Cape Town - Mark Swift was a poet and romantic whose flower bloomed early and withered too soon. He enjoyed being young and vital, and in his last years preferred not to see himself in photographs that belied the youth within.
He was a vagabond at heart, a roué, a bit of a lad, driven by lust for life, words and women, and when he found a sudden death the manner of his going was no conventional heart attack, long illness or quietly dying in his sleep. He died days after falling to the ground on his way home, laden with shopping, and then fell again. He hit his head and remained unconscious for 10 days while his sons flew out from England, where Mark had lived for many years. That a poet and drinker should die in dry Fish Hoek weighed down by domestic necessity has depths of sad irony.
The Mark Swift I first knew was 30 and sub-editing at the Cape Times in its Tony Heard heyday. He was an imp, a smiler, a rogue, and women loved him. This was robustly reciprocated, as several of his wives will attest. I was present for one of his weddings, when he married Jo-Anne Richards in the early 1980s. She was then an ingénue reporter, now a novelist. Josie fell for him, they wed, and eight months later they divorced. Some of us considered asking for our gifts back.
They’d met at the Café Royal, the press haunt in Cape Town where we all misbehaved, especially on Friday nights. “I was a new face in town and impossibly young,” Josie says now. “‘Who are you?’ he said. ‘I need to know your name because you’re the woman I’m going to marry.’ So I did. It seemed romantic at the time. I was awed by his talent and, desperate to be a writer myself, enthralled by the circle of writers he moved in, including poets of such stature as Jack Cope and Patrick Cullinan. Mark was a complex, difficult man who had two wives before me, and a good couple after. He had a great many demons, his most damaging being alcohol. But when he was sober, he was the most sensitive man alive. And, as he liked to say, he could write ‘like an angel’.”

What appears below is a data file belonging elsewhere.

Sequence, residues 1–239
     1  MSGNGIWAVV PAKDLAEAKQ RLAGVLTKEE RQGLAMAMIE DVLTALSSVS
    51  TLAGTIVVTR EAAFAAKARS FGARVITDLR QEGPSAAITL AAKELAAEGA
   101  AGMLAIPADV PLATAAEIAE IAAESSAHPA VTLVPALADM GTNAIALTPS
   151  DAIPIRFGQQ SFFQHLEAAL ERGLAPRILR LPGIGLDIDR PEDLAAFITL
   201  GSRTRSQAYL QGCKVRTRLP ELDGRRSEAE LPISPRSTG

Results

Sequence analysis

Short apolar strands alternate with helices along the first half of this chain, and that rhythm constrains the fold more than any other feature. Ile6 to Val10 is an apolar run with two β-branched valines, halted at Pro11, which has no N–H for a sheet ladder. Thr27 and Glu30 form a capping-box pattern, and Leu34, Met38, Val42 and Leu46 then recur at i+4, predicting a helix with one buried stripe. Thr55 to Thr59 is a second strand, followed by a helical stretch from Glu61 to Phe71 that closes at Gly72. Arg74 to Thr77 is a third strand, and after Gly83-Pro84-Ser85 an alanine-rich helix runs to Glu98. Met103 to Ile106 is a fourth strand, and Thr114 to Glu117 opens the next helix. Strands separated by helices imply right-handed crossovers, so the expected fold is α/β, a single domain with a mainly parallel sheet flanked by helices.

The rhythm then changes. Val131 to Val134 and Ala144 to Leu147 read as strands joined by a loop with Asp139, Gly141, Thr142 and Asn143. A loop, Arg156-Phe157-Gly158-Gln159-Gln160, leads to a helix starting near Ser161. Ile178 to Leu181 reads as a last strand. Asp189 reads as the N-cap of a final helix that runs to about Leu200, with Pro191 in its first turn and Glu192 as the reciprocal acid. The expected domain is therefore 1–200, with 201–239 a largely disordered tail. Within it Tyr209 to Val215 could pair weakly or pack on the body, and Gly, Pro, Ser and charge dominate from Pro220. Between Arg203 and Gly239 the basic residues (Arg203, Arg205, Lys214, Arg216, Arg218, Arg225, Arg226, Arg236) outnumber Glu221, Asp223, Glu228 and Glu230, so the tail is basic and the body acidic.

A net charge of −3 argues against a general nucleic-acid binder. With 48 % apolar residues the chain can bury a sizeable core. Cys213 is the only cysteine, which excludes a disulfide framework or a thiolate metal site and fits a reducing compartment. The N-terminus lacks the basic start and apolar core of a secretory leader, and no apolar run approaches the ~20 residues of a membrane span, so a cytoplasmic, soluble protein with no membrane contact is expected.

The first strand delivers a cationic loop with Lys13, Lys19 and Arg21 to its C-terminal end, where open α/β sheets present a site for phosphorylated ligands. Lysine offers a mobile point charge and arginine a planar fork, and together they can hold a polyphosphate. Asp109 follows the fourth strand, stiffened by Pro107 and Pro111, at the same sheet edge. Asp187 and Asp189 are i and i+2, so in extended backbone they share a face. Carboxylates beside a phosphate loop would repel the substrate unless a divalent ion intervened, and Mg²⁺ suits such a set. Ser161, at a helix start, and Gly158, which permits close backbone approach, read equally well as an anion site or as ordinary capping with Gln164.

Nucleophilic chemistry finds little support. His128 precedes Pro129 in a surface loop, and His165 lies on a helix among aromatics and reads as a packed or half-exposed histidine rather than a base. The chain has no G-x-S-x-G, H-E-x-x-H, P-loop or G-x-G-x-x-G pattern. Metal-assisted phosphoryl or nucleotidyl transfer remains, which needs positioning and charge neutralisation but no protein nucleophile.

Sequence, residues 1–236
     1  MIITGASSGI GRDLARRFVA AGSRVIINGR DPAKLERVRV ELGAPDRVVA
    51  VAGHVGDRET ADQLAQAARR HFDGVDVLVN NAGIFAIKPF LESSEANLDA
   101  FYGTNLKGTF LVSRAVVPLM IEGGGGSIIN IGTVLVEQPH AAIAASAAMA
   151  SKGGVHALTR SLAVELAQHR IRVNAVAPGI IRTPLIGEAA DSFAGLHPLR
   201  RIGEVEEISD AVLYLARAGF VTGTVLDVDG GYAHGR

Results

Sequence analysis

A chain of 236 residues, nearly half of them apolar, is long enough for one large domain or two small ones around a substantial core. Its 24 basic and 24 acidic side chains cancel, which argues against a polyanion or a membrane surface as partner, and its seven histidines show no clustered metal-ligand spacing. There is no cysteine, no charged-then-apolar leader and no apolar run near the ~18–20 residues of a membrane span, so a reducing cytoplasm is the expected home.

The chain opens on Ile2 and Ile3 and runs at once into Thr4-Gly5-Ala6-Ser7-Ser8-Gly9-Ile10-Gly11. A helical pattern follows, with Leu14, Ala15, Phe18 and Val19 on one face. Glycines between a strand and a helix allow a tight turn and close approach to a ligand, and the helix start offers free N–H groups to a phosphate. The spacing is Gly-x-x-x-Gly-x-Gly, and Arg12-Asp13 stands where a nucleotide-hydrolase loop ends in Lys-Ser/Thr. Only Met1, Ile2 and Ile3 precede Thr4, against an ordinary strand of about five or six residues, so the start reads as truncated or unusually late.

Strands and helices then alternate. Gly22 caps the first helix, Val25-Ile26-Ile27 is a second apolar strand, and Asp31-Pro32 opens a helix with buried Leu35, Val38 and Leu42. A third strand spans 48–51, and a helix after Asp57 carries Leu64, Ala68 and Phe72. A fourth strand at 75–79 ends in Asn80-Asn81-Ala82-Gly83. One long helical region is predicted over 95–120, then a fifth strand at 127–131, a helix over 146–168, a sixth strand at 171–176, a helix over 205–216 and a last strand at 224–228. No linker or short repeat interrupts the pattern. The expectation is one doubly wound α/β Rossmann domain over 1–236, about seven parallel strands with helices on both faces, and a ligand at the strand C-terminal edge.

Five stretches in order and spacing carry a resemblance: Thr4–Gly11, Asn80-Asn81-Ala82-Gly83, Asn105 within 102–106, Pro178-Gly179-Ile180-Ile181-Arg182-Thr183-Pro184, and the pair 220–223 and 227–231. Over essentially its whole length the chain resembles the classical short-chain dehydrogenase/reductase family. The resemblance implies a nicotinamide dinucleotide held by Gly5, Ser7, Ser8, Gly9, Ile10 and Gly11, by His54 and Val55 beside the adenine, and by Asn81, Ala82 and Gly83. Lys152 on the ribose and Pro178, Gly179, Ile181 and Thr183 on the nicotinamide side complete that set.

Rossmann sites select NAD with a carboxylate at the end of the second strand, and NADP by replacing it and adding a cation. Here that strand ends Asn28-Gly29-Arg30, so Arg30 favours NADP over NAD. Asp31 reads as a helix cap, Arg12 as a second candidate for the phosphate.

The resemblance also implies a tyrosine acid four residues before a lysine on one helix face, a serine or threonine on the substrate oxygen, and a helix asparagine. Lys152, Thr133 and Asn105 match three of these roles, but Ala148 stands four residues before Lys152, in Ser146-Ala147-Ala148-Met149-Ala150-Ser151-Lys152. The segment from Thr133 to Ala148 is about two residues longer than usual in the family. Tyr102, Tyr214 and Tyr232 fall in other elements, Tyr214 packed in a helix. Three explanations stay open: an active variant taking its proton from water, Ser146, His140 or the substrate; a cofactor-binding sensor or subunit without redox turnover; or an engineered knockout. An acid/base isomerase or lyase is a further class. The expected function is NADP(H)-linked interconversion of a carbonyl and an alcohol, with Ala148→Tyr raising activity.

By then, Swift had won the Ingrid Jonker Prize for his 1974 debut volume, Treading Water (David Philip), edited by Jack Cope. In 1978 he produced Gentlewoman with photographer Sigurd Olivier, which was at first banned in South Africa. Published by Grosset & Dunlap in New York and later by Don Nelson, it was a selection of poetry and images by two artists who shared a fascination with sex and seduction. Seconds Out (Bateleur Press) followed in 1983 and in 1987 he won the Thomas Pringle Prize for poetry, and his work has appeared in anthologies of South African poetry since.
When we knew Mark best, in the 1980s, he was past his zenith and clearly frustrated, the bulk of his output being his journalism. He spent his working days correcting the words of others more than conjuring his own.
Richards says: “Mark found the expectations imposed by his own talent difficult to bear. ‘I should have died before I turned 30,’ he liked to say. ‘Then I’d have died a prodigy.’ He didn’t die a prodigy. He died older: more tried and more trying; more tested and troubled, but still an extraordinary poet.”